The Emotive Universe of Sacred Music in Late Byzantium

Fourteenth-century Byzantium saw the convergence of Eastern Christianity’s mystical tradition of contemplative monasticism—Palamite Hesychasm—and the apogee of melismatic liturgical music—John Koukouzeles. How did the sacred ritual of the Late Byzantine all-night vigil unveil the emotive universe of Christianity during what Sir Steven Runciman called the last Byzantine renaissance? The historical context of kalophonic chant and Hesychasm during the fourteenth century was that of an empire on the brink of collapse and destruction. History had betrayed the Byzantines. The Fourth Crusade severely weakened Constantinople, ushered in a period of decline, and ended its reign as a political and economic superpower. With the body of the empire so humbled and the Byzantine ideal of a kingdom embodying heaven on earth shattered, feelings of disillusionment prevailed and the quest for a lost unity began.

Melismatic chant represented the final frontier of the Byzantine liturgical world and its affective mystagogy. Far from espousing a disembodied form of prayer and song, Gregory Palamas and John Koukouzeles presented Hesychasm and kalophonic chant as a participation of body and soul in divine life, cultivated through asceticism and liturgical life. Hesychasm presupposed mystical devotion to serenity—a journey of purification, illumination and deification—that entailed more than just an ever-expanding interiority. Rather than being a radical departure from Christian tradition, Palamas’ portrayal of Hesychasm was a perpetuation and renewal of Christian mysticism and holiness. It was a personal articulation of a living tradition that was scattered across the spiral of history and included the mystical experience of the first-created humans, the divine participation of a life of holiness and the eschaton.

The hesychasts’ ultimate concern was imageless prayer and wordless contemplation of the uncreated light, but their spiritual vision entailed a transformation of the whole human person. Palamas argued that a hesychast “seeks to circumscribe the incorporeal in his body” and cited the luminous face of Stephen the first martyr as an example:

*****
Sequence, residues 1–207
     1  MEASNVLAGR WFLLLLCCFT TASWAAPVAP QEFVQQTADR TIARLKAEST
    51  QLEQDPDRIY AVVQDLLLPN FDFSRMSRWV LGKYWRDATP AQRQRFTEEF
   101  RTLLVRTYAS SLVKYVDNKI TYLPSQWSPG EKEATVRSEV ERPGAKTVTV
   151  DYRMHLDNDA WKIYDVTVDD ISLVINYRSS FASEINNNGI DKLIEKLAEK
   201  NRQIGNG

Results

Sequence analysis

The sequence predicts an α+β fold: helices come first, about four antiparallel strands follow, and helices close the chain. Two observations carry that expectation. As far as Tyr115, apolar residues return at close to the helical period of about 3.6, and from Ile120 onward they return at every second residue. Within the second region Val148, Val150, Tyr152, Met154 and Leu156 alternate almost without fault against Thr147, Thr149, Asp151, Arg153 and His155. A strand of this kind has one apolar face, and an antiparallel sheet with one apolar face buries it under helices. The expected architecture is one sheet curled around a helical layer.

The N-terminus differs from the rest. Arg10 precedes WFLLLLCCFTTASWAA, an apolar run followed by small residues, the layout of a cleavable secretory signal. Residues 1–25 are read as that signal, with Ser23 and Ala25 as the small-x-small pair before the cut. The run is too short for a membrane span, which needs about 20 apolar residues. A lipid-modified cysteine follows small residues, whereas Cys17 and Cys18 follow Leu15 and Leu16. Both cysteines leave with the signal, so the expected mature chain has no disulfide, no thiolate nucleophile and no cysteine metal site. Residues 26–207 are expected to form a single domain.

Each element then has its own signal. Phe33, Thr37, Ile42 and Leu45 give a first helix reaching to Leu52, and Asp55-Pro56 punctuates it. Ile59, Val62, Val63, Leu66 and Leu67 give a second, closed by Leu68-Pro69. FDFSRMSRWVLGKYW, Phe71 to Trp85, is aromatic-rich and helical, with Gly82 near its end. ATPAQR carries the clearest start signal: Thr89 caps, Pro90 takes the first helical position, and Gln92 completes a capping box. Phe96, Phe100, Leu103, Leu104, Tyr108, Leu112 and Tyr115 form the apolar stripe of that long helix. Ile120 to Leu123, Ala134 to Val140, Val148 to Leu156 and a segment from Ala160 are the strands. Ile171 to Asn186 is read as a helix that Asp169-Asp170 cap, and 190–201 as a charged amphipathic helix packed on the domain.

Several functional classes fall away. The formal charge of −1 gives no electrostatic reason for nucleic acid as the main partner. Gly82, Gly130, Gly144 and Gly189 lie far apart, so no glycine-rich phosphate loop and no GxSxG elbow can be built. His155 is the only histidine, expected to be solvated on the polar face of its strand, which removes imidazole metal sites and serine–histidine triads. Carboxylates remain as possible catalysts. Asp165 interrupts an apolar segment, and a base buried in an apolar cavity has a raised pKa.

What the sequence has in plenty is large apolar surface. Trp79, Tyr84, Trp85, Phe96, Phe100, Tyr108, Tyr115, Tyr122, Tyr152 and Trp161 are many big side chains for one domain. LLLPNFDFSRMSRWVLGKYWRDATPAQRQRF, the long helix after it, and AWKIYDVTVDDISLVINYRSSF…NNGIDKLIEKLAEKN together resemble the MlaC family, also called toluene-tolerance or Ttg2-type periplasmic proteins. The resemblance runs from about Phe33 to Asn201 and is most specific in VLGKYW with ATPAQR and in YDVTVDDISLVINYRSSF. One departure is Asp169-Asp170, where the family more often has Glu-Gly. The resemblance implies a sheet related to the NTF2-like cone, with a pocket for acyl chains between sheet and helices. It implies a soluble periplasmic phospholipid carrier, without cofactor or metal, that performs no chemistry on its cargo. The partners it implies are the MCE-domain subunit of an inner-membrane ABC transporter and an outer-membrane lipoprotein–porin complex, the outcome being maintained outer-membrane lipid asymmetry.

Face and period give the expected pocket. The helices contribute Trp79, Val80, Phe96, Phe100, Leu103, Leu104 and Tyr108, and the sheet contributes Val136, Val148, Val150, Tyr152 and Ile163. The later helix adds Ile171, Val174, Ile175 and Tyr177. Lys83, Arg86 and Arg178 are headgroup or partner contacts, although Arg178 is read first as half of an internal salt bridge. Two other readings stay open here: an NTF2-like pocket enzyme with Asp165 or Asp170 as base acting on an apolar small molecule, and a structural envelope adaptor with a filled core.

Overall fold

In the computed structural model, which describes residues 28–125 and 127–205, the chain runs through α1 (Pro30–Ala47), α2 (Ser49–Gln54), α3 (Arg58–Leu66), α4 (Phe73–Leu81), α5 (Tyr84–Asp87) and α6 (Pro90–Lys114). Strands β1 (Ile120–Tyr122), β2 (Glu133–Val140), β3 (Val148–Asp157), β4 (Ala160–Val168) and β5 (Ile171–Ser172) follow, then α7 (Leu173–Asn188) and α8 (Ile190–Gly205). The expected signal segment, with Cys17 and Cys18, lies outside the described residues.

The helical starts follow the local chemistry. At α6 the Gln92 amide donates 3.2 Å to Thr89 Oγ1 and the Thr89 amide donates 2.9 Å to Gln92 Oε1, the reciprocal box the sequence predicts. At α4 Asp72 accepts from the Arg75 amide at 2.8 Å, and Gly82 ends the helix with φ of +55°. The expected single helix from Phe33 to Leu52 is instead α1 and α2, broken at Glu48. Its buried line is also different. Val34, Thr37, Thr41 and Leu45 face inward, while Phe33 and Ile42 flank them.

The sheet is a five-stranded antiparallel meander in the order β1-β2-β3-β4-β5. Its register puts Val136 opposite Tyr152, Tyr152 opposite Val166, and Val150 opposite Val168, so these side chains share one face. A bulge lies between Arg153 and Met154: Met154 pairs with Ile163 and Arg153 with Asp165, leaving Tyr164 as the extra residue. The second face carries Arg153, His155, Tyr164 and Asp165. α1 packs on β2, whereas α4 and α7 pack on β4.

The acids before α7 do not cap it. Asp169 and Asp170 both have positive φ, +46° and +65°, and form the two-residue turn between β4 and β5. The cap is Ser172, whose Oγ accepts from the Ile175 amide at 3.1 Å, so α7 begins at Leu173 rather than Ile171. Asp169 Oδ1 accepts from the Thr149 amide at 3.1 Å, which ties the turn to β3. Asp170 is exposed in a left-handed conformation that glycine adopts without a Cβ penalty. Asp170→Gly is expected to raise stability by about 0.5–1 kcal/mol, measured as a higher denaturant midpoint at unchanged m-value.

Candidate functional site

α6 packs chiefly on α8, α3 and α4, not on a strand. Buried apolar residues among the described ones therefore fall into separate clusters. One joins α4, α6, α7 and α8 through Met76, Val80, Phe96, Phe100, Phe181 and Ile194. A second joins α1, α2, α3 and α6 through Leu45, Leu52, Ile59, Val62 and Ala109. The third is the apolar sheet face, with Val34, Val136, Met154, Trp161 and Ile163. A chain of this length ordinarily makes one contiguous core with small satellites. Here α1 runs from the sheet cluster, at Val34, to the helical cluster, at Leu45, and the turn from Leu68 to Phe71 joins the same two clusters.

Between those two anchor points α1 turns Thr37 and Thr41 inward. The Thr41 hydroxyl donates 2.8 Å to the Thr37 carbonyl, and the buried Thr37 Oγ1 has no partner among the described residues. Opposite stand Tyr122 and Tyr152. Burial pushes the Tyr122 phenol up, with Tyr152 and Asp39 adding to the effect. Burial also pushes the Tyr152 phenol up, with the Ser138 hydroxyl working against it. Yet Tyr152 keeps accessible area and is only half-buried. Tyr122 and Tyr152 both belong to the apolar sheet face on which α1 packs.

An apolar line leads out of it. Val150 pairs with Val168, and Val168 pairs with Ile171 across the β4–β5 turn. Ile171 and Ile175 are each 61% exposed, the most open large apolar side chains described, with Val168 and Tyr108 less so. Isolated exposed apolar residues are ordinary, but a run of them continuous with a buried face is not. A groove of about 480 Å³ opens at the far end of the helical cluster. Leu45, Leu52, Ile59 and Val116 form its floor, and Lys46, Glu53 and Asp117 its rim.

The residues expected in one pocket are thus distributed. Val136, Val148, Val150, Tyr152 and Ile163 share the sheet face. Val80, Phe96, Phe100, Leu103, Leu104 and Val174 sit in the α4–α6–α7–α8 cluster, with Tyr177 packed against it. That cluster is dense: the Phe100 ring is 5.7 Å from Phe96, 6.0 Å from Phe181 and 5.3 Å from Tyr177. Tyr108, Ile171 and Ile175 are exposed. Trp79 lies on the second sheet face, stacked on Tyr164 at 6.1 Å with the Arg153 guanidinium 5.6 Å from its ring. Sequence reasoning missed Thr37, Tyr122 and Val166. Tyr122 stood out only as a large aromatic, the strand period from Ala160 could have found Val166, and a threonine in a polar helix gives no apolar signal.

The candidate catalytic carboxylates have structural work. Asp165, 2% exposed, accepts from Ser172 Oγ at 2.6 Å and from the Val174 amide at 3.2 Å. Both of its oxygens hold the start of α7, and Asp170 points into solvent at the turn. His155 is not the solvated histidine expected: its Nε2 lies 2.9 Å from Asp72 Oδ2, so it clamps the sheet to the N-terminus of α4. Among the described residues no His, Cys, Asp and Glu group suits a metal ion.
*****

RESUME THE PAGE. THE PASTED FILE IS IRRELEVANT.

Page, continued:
Such are the realities or mysterious energies brought about in the bodies of those who during their entire life have devoutly embraced holy hesychasm.[1]  

The “transformation of our human nature” bestowed “a divine power on the eyes of the apostles” that enabled them and all who embrace Hesychasm to behold the uncreated light.[2] Palamas portrayed the hesychast experience and the paradisal bliss of Adam and Eve as identical. Of course, it was Palamas’ insistence on the deification of the body and his belief in a vision of the uncreated light that provoked Barlaam of Calabria. Barlaam denounced the hesychasts’ claim they could “see the divine essence with the eyes of their body” and sparked the hesychast controversy. 

Gregory Palamas had visited Mount Athos around 1316 and learnt from a hesychast monk at Vatopedi before moving to the Great Lavra. It was there that he probably came across a monk known as John Koukouzeles who famously instigated a Byzantine renaissance in liturgical music. However, this was not a new form of art that radically departed from the Christian tradition of the first millennium. It renewed the tradition of Christian art by looking upon it not with the gaze of nostalgia but through the prism of the eschaton. Koukouzeles’ reform of the agrypnia is apparent in the musical anthologies known as akolouthiai. These anthologies became the catalyst for a new repertory of music: kalophonic chant, which renewed the psalmody and hymnody of the past. The musical artistry of kalophonic chant was marked by its florid style, dramatic vocal leaps, melismatic creativity, and even wordless vocalisation known as a kratema or teretism. Of course, the old syllabic repertories were not done away with; they were juxtaposed with new compositions in the ritual of the agrypnia. The Late Byzantine agrypnia was a combination of Stoudite hymnography, the ceremony of Constantinople’s cathedral rite and kalophonic chant. It typically began on Saturday evening with vespers and culminated in the liturgy on Sunday morning.